The Energy and Commerce Committee held a hearing Thursday to discuss increasing access to life-saving vaccines, no matter a person’s age, income, or demographic. One of the bills highlighted at the hearing was Congresswoman Kim Schrier, M.D. (WA-08)’s bipartisan Strengthening the Vaccines for Children Program Act that was introduced in April. The Strengthening the Vaccines for Children Program Act builds on and improves the successful Vaccines for Children (VFC) program that ensures children can access vaccines at no-cost. Rep. Schrier’s remarks in the committee hearing can be found here.
“As both a pediatrician and a mom, I’ve been carefully watching the development and approval process for COVID vaccinations in children, and also worrying about the drop in routine childhood immunizations during the pandemic,” said Rep. Schrier. “This has been most dramatic in tweens and teens, many of whom are now missing the shots that protect them from pertussis, which is highly contagious, and HPV. We just saw updated data from the CDC last week that although immunization rates are improving, they haven’t sped up sufficiently to achieve catch-up coverage. Since more than half of childhood vaccines are given through the VFC program, shoring up this already efficient program is critical to making sure all children get caught up on their shots.”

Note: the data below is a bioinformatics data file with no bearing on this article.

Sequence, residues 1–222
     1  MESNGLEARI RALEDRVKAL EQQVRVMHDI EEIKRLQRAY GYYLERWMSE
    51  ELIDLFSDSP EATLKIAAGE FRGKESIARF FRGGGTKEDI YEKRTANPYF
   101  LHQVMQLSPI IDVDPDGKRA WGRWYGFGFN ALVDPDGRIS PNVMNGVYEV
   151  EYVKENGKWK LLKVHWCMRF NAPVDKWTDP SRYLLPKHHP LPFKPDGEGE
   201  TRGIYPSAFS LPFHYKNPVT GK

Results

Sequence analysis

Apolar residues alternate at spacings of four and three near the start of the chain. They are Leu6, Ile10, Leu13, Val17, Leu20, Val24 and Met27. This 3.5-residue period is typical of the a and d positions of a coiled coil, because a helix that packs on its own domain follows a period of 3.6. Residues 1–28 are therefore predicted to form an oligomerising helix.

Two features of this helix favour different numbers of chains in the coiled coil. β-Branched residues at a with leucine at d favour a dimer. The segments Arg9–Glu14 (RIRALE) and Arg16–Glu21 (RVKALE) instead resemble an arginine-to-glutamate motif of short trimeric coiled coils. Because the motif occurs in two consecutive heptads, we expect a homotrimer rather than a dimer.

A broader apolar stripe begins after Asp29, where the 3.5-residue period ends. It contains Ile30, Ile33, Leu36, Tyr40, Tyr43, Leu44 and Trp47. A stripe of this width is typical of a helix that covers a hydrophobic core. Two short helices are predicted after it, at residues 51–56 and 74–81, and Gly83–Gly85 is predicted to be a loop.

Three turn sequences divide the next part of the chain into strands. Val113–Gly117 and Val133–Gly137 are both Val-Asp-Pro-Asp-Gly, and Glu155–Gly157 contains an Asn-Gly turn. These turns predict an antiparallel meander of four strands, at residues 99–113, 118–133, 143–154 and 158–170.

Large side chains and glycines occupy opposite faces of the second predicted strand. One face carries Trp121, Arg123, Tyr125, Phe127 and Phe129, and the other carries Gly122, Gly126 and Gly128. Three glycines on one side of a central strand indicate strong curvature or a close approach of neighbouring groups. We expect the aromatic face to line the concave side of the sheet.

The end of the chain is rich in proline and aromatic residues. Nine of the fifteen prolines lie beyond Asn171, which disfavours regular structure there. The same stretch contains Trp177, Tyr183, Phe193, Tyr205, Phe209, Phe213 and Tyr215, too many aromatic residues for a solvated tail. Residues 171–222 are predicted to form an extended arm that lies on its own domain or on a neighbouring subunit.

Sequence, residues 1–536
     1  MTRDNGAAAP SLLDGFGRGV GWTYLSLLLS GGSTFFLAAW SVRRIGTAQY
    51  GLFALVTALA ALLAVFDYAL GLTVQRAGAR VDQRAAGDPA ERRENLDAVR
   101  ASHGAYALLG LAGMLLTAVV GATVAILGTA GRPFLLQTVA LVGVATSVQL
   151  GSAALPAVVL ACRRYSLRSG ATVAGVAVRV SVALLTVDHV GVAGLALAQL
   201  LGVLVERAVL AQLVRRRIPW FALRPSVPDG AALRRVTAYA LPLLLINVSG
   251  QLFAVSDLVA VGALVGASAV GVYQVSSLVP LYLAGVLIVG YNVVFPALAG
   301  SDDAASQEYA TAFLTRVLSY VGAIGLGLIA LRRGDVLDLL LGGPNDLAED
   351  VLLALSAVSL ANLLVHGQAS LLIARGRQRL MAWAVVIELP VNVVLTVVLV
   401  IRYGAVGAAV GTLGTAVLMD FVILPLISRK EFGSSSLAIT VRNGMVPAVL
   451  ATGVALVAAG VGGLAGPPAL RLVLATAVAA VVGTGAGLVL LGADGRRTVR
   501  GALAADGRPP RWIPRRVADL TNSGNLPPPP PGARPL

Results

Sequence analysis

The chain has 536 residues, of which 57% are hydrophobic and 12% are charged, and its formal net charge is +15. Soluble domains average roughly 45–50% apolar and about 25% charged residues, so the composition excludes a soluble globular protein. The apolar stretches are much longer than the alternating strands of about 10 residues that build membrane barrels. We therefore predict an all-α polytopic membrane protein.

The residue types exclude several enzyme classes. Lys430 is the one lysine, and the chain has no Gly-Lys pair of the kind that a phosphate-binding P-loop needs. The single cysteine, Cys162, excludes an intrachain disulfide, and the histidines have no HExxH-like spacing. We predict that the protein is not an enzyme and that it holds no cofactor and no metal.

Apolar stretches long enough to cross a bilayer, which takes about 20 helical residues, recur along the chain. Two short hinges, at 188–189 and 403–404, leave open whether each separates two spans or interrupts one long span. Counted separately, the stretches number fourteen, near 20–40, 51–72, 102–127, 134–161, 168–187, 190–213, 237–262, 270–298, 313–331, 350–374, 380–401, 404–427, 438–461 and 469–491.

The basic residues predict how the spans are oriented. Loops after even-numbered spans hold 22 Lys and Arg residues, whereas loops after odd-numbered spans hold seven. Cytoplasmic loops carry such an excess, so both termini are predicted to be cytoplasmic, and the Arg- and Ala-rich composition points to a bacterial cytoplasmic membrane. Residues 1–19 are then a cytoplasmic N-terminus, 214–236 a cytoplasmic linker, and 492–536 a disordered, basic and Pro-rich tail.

During the hearing, Rep. Schrier spoke with one of the witnesses Dr. Maldonado, also a pediatrician, about COVID-19 vaccine research underway in children under 12, and the risk/benefit calculation parents are facing right now. Rep. Schrier was told by Dr. Maldonado that COVID will continue to be a risk to children, much more than any risk associated with the vaccine. Dr. Maldonado went further to say that there is concern about how the Delta variant, which was first detected in India, affects unvaccinated people, especially children. And that we won’t know how it affects children for many months. She recommended that children get vaccinated and protected as soon as possible.
The Strengthening the VFC Program Act will streamline eligibility for children, lessen financial burdens for providers, and allow more time for providers to talk to parents about vaccine concerns. This bipartisan bill has the support of over 170 state and national groups.
The above is a press release from Rep. Kim Schrier. The Auburn Examiner has not independently verified its contents and encourages our readers to personally verify any information they find may be overly biased or questionable. The publication of this press release does not indicate an endorsement of its content.